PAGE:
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Study Tips: Time Management

The following information may help you to manage your time better. This information was derived from the University of Texas-Austin, Learning Skills Center Study Strategies classes via the Internet (http://www.utexas.edu):

Facts

There are 168 hours in a week

  • 56 hours of sleep (8 hours are usually adequate; do you get enough sleep?)
  • 21 hours of eating (Eat, and relax, and socialize!)
  • 40 hours of work (if you're lucky!)

--That only leaves 51 hours in which to shower, commute, pay the bills, or maybe even study! That's only 7 hours and a few minutes to plan, and that doesn't include recreation and excercise.

Consider Making A Schedule

It can work like a charm in cutting down on tensions, worries, and daydreams. Far from making a robot of you, a time schedule frees you from making top-level decisions constantly thus allowing you to make the best use of your time.

Start By Making A Record Of Your Fixed Activities

Examples would include classes, meals, meetings, etc. Each week add information revolving around class assignments; note due dates and estimate study time required.

Remember These Principles Of Time Use when deciding how to spend your time:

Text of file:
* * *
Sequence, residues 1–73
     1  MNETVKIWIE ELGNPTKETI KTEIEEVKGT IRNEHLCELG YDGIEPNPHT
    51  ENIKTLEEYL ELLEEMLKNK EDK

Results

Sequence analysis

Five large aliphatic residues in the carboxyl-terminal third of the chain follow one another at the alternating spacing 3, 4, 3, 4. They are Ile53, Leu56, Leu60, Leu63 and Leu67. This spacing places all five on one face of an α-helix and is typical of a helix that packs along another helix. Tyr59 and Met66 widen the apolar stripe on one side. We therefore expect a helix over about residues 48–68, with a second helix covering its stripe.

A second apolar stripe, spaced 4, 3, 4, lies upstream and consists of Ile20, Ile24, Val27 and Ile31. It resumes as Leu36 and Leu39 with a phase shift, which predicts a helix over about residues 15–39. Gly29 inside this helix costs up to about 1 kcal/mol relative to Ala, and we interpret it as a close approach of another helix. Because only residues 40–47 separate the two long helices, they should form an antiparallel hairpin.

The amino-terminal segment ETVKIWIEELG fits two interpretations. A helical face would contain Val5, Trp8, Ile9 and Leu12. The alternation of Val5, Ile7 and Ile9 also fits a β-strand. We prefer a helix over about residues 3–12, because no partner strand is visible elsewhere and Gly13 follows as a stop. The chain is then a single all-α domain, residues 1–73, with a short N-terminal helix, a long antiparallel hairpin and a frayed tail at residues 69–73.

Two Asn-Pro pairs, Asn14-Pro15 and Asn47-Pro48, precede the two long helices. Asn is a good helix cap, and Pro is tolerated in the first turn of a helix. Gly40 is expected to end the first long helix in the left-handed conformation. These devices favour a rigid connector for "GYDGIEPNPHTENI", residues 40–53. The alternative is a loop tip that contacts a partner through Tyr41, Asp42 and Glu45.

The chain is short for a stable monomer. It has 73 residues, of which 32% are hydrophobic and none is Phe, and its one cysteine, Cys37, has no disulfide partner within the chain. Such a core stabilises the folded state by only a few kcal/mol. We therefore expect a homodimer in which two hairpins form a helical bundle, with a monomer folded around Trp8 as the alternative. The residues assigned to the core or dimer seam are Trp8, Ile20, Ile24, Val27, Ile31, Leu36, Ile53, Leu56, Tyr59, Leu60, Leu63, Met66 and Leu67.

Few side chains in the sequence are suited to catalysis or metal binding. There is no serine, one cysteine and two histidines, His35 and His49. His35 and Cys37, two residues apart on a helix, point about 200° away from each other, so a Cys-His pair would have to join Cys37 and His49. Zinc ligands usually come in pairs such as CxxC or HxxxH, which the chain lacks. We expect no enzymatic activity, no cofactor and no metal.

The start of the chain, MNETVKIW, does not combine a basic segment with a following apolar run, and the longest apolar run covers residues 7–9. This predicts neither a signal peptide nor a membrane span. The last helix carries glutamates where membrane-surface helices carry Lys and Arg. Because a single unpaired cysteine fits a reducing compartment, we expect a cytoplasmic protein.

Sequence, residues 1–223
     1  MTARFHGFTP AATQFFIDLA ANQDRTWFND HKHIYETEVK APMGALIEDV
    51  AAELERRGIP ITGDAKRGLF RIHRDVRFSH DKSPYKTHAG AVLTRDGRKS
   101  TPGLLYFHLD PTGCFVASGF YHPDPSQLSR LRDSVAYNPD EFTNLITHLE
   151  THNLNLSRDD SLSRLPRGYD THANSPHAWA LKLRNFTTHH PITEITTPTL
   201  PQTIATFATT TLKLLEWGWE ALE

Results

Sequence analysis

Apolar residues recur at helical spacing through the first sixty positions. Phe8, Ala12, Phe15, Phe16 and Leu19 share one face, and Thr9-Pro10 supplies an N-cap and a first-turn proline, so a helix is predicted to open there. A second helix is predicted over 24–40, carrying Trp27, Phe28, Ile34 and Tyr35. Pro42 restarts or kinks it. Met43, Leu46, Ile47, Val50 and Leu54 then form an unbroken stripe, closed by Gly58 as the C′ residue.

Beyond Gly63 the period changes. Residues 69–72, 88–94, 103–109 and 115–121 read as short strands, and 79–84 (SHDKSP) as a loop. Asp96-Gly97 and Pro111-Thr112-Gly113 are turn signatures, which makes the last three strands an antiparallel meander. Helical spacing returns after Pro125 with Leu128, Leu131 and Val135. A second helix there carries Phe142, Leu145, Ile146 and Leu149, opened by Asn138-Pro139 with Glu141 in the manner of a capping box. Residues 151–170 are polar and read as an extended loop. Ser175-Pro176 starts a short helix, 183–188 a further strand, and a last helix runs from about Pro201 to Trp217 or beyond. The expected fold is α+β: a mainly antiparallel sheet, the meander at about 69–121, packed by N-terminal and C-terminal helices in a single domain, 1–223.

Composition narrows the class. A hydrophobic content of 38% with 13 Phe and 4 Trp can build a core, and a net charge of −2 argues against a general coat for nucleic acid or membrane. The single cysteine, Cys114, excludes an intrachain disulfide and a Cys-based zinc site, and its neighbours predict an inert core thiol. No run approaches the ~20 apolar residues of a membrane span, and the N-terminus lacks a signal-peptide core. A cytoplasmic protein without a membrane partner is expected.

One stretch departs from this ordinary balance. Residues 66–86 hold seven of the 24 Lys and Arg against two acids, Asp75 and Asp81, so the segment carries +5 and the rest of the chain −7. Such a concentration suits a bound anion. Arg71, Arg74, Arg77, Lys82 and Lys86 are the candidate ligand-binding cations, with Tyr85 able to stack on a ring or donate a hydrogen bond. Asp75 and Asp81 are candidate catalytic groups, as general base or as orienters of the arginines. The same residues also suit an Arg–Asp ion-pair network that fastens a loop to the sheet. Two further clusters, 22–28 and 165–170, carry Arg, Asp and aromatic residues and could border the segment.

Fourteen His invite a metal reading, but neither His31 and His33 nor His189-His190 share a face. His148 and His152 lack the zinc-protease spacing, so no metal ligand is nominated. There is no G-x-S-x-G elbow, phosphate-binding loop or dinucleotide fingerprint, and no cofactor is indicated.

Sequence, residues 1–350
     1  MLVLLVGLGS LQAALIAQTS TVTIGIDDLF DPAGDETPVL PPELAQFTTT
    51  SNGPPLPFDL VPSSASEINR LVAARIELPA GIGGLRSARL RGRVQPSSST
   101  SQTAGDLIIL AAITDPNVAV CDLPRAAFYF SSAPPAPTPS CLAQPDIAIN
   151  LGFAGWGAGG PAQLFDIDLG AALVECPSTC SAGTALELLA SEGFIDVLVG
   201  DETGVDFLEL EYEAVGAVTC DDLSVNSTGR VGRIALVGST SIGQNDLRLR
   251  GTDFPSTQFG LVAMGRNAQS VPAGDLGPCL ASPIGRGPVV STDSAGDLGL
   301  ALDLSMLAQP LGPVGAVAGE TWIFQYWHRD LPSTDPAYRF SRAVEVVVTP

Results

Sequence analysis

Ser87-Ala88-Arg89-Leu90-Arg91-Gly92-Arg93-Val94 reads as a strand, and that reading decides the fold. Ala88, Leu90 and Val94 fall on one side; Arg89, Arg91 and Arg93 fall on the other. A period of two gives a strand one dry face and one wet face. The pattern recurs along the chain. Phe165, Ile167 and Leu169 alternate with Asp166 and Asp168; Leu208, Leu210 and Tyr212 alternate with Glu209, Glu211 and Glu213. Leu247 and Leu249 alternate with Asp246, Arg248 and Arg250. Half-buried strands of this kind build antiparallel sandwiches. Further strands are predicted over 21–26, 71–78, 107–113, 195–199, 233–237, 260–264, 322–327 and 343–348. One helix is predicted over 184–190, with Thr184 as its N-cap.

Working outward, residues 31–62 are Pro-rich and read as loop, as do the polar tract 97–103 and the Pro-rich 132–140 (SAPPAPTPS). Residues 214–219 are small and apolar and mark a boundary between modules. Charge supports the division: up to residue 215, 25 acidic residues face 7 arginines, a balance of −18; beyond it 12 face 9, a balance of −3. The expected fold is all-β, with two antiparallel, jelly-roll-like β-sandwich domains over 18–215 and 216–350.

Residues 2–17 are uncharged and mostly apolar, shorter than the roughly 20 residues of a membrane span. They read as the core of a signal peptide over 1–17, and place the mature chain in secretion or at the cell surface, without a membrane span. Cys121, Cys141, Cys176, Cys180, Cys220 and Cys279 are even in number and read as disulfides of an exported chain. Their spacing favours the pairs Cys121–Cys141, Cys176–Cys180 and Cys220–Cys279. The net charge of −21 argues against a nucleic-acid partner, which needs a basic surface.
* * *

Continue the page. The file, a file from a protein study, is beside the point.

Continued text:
• Many effective schedulers habitually plan their day at a regular time--5 to 10 minutes in the morning or before going to bed.
  • Allow larger blocks of time for learning new material, grasping concepts, drafting a theme, etc. Divide these larger blocks of time into definite subparts the length of your concentration span (20 minutes? 30? 10?)
  • As you begin work on each subpart, jot down the time you expect to finish; when you're through, reward yourself with a brief break: move around, talk to a friend, drink water, eat a snack...whatever is good for you.
  • Use short periods of time (15 to 45 minutes) to review. It's especially wise to spend a few minutes reviewing immediately BEFORE a class involving discussion or recitation. Immediately AFTER a lecture class spend a few minutes reviewing your notes.
  • Schedule harder study tasks when you are most alert and can concentrate best.
  • Do something daily -- don't let it all pile up!
  • Plan to really learn the first time; the rest of your study time should be spent reviewing through recitation, discussion, making up and answering possible test questions, etc.


Don't try to allocate ALL your time; know what needs to be done and how long it will take you. It's HOW you use your time that counts.

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